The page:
U.S. Space Command is unlikely to settle in a permanent headquarters for the next several years, Army Gen. James Dickinson, the commander of U.S. Space Command, said on Jan. 26.

Dickinson’s statement came 13 days after former Air Force Secretary Barbara Barrett informed Alabama Republican Gov. Kay Ivey in the waning days of the Trump administration that the service had picked Redstone Arsenal as the preferred location for U.S. Space Command’s permanent headquarters (Defense Daily, Jan. 13).

U.S. Space Command is located in a provisional headquarters in Colorado Springs, Colo., at Peterson AFB– the former location of Air Force Space Command.

“Not quickly, quite frankly,” Dickinson said during a Jan. 13 Mitchell Institute for Aerospace Studies Aerospace Nation forum when asked about a timeline for a possible permanent headquarters move. “We’ve got a provisional headquarters decision that is good for about the next five or six years. If the decision remains or is Huntsville, Ala., there will be some time that we’ll need in order to construct the facilities and, quite frankly, to modify them to fit our mission set, which tends to be classified. I think it will be years before we see that.”

Dickinson said that the Air Force picked Redstone Arsenal because the latter compared favorably in terms of mission infrastructure capacity, community support, and cost.

State officials in Nebraska and Colorado, however, have questioned the Air Force’s decision.

Colorado Democratic Gov. Jared Polis suggested on Jan. 13 that then-President Trump had overruled the service’s analysis of Peterson AFB as the best location and forced the selection of Redstone Arsenal in an attempt to curry favor with Alabama’s congressional delegation, including freshman Sen. Tommy Tuberville (R-Ala.) and Sen. Richard Shelby (R-Ala.). The two senators are to participate in the planned Senate impeachment trial of Trump on Feb. 8 for fomenting the mob that invaded the U.S. Capitol on Jan. 6.

On Jan. 26, the nine members of Colorado’s congressional delegation, including Sen. Michael Bennet (D-Colo.) and John Hickenlooper (D-Colo.), wrote a letter to President Biden and Defense Secretary Lloyd Austin to ask that they suspend the move of U.S. Space Command to Redstone Arsenal.

“We write to request you conduct a thorough review of the Trump Administration’s last-minute decision to move U.S. Space Command from Colorado Springs, Colorado, to Huntsville, Alabama and suspend any actions to relocate the headquarters until you complete the review,” per the letter. “This move undermines our ability to respond to the threats in space and is disruptive to the current mission. Additionally, significant evidence exists that the process was neither fair nor impartial and that President Trump’s political considerations influenced the final decision.”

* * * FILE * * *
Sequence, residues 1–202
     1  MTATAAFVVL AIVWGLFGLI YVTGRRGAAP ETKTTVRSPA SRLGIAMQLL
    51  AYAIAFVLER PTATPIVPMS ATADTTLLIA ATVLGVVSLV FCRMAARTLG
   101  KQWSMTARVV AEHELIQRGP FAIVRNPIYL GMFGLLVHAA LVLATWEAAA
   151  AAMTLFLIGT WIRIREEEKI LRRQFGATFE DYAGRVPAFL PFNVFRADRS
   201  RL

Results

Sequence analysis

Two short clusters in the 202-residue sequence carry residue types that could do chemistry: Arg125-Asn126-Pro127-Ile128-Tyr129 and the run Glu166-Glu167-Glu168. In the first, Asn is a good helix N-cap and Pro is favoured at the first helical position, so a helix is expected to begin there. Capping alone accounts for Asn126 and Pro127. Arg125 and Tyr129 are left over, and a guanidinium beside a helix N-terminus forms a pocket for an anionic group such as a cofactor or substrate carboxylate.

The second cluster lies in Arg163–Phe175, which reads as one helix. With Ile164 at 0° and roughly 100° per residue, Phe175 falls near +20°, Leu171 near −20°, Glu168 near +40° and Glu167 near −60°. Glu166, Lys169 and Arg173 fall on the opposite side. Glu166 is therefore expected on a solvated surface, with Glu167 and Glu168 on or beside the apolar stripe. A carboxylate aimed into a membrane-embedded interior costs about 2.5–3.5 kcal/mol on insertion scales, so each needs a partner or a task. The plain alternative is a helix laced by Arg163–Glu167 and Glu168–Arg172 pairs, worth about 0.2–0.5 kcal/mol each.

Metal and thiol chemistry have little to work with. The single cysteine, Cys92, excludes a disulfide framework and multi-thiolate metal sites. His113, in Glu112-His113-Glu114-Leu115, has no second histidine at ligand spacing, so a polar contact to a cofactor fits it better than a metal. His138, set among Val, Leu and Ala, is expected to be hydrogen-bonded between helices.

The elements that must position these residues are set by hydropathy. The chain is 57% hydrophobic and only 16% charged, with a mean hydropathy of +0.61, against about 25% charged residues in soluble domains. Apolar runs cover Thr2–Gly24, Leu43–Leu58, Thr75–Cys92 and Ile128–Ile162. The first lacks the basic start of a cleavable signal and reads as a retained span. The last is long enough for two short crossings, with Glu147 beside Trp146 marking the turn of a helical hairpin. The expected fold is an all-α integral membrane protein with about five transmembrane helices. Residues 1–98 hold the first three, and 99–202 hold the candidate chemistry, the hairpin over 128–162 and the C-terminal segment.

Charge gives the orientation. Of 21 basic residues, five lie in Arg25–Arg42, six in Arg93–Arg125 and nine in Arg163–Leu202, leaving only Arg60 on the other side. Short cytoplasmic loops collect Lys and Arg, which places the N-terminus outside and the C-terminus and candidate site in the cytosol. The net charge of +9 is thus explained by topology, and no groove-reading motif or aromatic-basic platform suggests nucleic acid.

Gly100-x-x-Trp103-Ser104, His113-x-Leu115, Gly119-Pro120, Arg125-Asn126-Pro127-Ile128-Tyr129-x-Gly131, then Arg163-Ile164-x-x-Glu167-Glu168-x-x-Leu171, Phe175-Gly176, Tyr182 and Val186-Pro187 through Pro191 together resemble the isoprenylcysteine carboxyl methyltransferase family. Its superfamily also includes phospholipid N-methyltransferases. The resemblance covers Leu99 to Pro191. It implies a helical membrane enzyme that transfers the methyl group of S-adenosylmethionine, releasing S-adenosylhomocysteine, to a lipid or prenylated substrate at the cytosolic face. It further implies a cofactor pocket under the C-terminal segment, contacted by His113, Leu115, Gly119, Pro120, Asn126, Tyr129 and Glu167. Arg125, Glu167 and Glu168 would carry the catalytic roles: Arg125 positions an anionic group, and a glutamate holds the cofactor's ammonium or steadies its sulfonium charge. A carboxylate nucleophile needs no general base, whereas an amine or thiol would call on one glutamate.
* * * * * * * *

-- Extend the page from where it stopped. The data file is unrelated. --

The Greater Omaha Chamber of Commerce also raised questions about the Air Force’s selection of Redstone Arsenal.

“Based on objective [Air Force] criteria,” Offutt AFB, Neb. “remains the optimum location for U.S. Space Command,” the chamber said. “The Nebraska team expects full transparency of the final review to support this assertion.”

Nebraska was the only state to offer a $107 million public/private incentive package to reduce the cost of the project to the Air Force, per the Greater Omaha Chamber.

Established in its first incarnation in September 1985 to provide joint command and control for all military forces in outer space and coordinate with the other combatant commands, U.S Space Command was inactivated in 2002 and its activities and personnel were moved to U.S. Strategic Command at Offutt AFB.

The new U.S. Space Command was established in August 2019–four months before the U.S. Space Force.

U.S. Space Command – a geographical combatant commander — is a separate entity from the U.S. Space Force, the newest branch of the U.S. armed forces that sits under the Department of the Air Force. The Space Force headquarters is situated at the Pentagon, along with all the other services’ official headquarters.

After revising selection criteria last May, the Air Force named six possible headquarters locations for U.S. Space Command in November–Kirtland AFB, N.M.; Offutt; Patrick AFB, Fla; Peterson; Port San Antonio, Texas, and Redstone Arsenal (Defense Daily, Nov. 19). Four of those locations–Kirtland, Offutt, Patrick and Port San Antonio–were not on the Air Force’s original headquarters downselect list last May.

One defense analyst spoke out against the Air Force’s selection of Redstone Arsenal as the “preferred location” for the headquarters for U.S. Space Command and said that U.S. Space Command should remain at Peterson AFB.

“This will be a colossal waste of money,” Todd Harrison, the director of the aerospace security project at the Center for Strategic and International Studies (CSIS), said on Twitter of the Air Force’s decision. “I hope it is one of the first things the new Pentagon leadership will reexamine once they are in place.”

“The decision reeks of being politically motivated–taking jobs from a state that voted for Biden and moving them to a state that voted for Trump,” Harrison said. “I don’t see how relocating the headquarters, building new facilities, and moving all of these people improves our national security or our space capabilities.”